In 1993, at the age of 30, Chestnut signed with Atlantic Records, releasing the critically acclaimed Revelation (1993), followed by The Dark Before The Dawn (1994) (the album debuted in the sixth spot on the Billboard Jazz Charts), Earth Stories (1995) and then Cyrus Chestnut (1998). Chestnut has also performed and/or recorded with, Freddy Cole, Bette Midler, Jon Hendricks, Freddie Hubbard, Jimmy Scott, Chick Corea, Isaac Hayes, Kevin Mahogany, Dizzy Gillespie, and opera diva Kathleen Battle, most notably on the Sony Classical recording “So Many Stars”. Their shared church roots resulted in such a positive chemistry between Battle and Chestnut that he then joined the soprano on a fall 1996 U.S. Tour.
Billy Harper (born January 17, 1943) is an American jazz saxophonist, “one of a generation of Coltrane-influenced tenor saxophonists” with a distinctively stern, hard-as-nails sound on his instrument.
Harper has played with some of jazz’s greatest drummers; he served with Art Blakey‘s Messengers for two years (1968–70); he played very briefly with Elvin Jones (1970), he played with the Thad Jones/ Mel Lewis Orchestra in the 1970s, and was a member of Max Roach‘s band in the late 1970s. In 1979 Harper formed his own group, touring with it and documenting its music on the recording, “Billy Harper Quintet in Europe“, and he was featured as a soloist on a 1983 recording, “Such Good Friends,” with virtuoso, visionary pianist and record producer Stanley Cowell. After a period of relative inactivity in the 1980s, Harper came back strong with another international tour, which ended with perhaps his most ambitious recording: the 3-volume “Live on Tour in the Far East” (1991). In the new millennium Harper’s recording activity has been subdued and sporadic, though recently he has appeared as a regular member of pianist-jazz historian Randy Weston‘s ensembles. In 2013 they recorded their first album as a duo, entitled The Roots of the Blues.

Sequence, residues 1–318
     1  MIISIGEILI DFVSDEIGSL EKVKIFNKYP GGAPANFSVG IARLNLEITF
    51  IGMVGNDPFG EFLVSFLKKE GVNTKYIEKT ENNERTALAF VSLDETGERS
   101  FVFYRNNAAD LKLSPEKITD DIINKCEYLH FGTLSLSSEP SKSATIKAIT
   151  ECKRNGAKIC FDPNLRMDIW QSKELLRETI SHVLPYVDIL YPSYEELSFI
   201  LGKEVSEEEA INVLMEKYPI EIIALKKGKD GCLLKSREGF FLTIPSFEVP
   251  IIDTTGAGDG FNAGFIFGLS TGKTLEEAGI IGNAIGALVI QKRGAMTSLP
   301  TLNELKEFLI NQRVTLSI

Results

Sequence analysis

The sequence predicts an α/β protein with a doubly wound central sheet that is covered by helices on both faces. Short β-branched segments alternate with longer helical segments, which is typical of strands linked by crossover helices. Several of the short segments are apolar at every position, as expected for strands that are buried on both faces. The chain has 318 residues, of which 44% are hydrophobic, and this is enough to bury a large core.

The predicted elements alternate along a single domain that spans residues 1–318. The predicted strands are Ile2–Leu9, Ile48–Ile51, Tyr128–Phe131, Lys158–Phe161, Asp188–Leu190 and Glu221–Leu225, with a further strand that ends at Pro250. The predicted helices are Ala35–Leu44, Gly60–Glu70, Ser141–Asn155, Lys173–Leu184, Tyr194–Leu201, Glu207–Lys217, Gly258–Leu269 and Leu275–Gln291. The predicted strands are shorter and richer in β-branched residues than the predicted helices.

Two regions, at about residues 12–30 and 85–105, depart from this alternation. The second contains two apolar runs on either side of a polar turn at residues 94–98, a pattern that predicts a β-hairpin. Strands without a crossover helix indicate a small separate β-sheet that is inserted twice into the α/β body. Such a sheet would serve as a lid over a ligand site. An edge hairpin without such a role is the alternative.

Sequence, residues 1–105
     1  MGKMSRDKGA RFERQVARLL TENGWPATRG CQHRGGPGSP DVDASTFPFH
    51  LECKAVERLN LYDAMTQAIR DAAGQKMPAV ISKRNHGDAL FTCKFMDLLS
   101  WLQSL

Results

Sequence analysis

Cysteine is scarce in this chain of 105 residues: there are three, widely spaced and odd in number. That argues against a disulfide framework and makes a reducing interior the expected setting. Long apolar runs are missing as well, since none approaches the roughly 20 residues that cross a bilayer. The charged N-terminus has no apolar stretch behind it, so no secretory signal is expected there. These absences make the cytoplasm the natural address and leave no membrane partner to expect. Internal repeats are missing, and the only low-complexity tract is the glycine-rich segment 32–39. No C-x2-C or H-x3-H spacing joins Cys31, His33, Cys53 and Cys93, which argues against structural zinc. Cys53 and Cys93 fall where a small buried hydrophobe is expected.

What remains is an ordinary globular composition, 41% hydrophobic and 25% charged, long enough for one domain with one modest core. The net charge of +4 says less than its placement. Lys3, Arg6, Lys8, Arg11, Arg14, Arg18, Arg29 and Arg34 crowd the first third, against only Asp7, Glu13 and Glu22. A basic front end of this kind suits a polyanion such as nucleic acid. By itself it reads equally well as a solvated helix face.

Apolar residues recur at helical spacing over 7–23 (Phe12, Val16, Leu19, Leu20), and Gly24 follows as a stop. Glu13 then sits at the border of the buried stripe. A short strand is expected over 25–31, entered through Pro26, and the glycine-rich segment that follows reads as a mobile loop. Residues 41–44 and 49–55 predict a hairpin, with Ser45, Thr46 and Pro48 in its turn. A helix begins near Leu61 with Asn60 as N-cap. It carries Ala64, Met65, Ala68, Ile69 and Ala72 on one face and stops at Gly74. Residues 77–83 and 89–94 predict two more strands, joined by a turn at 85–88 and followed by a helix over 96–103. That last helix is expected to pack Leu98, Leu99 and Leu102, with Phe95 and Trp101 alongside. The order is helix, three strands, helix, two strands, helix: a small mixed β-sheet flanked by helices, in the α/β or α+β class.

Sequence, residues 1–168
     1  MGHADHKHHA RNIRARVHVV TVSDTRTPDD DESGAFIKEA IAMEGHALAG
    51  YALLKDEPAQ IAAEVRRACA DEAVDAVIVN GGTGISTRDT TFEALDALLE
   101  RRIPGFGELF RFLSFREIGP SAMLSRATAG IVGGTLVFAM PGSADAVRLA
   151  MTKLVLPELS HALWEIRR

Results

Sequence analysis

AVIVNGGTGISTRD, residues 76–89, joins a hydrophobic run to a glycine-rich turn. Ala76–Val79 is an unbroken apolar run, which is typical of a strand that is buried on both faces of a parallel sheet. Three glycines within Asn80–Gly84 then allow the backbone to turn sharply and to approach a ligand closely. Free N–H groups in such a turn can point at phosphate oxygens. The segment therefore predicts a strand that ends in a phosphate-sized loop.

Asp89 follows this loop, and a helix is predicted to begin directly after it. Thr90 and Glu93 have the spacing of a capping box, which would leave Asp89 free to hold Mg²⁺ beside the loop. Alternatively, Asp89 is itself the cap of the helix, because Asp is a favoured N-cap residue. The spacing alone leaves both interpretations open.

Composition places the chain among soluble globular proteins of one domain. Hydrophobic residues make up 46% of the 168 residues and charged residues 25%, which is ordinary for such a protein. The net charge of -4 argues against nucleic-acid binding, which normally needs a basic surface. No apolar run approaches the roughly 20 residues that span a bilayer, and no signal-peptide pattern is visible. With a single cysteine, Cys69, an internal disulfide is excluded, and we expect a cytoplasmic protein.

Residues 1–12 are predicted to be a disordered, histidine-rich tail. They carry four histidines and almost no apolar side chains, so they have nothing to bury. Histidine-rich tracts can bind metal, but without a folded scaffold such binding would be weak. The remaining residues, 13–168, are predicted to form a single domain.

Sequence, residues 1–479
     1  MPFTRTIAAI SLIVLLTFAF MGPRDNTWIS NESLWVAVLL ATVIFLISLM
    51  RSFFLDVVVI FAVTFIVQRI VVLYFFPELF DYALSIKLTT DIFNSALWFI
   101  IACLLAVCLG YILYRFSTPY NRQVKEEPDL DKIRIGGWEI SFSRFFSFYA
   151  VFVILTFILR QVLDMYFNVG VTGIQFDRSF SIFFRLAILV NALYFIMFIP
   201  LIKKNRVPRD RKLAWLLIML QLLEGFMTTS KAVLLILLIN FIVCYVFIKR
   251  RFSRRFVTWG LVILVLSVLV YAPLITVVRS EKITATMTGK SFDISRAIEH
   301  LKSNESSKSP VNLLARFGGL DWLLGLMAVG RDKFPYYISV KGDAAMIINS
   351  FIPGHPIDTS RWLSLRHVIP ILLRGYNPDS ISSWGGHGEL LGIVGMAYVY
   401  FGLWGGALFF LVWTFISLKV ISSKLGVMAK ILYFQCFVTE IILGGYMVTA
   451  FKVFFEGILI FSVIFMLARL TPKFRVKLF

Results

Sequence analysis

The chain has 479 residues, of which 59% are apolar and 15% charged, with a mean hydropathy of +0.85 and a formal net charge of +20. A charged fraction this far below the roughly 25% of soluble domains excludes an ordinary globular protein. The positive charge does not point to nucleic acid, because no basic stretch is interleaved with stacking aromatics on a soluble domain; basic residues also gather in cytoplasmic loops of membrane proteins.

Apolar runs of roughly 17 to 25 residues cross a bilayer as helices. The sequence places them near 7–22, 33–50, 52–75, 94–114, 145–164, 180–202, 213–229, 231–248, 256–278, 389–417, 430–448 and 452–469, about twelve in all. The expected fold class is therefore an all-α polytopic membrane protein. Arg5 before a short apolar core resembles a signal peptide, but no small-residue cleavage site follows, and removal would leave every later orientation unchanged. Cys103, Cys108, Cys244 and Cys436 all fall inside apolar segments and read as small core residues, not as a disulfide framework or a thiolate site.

Cedar Anthony Walton, Jr. (January 17, 1934 – August 19, 2013) was an American hard bop jazz pianist. He came to prominence as a member of drummer Art Blakey‘s band before establishing a long career as a bandleader and composer. Several of his compositions have become jazz standards, including “Mosaic”, “Bolivia”, “Holy Land”, “Mode for Joe” and “Fantasy in D”.